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New media technology - "Roadcasting"


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From the The Toronto Star

You're stuck in rush-hour traffic, searching the dial for something to listen to. There's too much Rush on the rock station, too much petunia-talk on the CBC, and too much Celine everywhere else. So you find some jazz on a college station. When the migraine kicks in, you succumb to silence.

Someone in this sea of vehicles must have some good tunes, you think, feeling a twinge of impatience for the satellite stations that the CRTC approved last week to actually start broadcasting. If only you could hear what the dude in the tricked-out Sirocco is listening to. Or that tattoo-sleeved redhead in the Country Squire.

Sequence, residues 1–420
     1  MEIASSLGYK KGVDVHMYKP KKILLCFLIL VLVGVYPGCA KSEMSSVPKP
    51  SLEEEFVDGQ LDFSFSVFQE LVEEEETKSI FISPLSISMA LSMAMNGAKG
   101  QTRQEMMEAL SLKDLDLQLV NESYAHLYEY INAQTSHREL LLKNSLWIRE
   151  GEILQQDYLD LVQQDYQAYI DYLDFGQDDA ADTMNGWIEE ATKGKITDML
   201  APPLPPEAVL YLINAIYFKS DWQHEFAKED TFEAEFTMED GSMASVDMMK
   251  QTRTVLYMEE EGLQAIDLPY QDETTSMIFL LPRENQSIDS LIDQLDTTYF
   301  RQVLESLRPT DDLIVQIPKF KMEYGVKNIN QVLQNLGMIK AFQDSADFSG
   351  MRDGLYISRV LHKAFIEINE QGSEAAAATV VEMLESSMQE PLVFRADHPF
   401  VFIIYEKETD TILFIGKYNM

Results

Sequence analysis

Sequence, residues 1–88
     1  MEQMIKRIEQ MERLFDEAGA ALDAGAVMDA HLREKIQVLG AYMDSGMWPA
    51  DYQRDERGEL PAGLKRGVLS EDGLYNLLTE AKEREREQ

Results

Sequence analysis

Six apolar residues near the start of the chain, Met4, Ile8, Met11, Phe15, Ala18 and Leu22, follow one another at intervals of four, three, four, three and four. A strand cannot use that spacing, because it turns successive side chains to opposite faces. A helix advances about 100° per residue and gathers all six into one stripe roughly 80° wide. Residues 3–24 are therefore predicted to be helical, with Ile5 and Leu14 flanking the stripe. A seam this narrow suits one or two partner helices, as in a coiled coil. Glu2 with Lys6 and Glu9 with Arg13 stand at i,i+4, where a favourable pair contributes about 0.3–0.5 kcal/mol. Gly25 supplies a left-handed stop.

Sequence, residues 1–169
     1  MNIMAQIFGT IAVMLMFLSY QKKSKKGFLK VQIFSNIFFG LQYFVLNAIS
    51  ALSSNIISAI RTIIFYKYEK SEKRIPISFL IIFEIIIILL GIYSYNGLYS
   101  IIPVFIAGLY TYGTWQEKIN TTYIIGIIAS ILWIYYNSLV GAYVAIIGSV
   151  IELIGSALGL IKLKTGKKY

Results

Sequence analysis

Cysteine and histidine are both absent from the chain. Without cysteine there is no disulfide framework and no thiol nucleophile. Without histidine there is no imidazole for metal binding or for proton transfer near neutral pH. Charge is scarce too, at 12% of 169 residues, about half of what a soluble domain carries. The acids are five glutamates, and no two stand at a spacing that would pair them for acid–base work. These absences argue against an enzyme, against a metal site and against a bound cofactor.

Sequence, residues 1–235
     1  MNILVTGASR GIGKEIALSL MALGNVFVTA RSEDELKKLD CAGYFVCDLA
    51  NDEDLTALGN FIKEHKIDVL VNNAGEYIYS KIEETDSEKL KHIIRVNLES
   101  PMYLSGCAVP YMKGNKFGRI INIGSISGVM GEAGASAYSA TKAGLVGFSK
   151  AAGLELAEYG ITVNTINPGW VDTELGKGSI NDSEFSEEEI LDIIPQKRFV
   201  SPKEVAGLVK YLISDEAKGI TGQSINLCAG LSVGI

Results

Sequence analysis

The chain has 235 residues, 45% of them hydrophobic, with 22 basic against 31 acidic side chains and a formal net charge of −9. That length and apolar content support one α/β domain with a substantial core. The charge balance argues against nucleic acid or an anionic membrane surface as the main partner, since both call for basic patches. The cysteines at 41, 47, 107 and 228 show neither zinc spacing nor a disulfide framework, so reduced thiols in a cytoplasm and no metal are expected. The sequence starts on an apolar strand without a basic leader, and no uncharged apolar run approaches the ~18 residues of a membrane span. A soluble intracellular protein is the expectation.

Soon there could be a way to do just that. A team of students at Carnegie Mellon University in Pittsburgh has developed technology that could turn any vehicle into an independent, free-roaming broadcasting station.

With Roadcasting, as the prototype is called, a driver could scan and access playlists from other vehicles within a 50-kilometre range, and share his or her own audio files with the same network.

Read the full story here .

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I'm thinking of creating a "special" CD for people who do obnoxious things in traffic. As soon as roadcasting becomes the norm, I can make motions from my window to encourage people to tune in and hear what I have to say...

This ought to be much more effective than my current use of my finger to that end.

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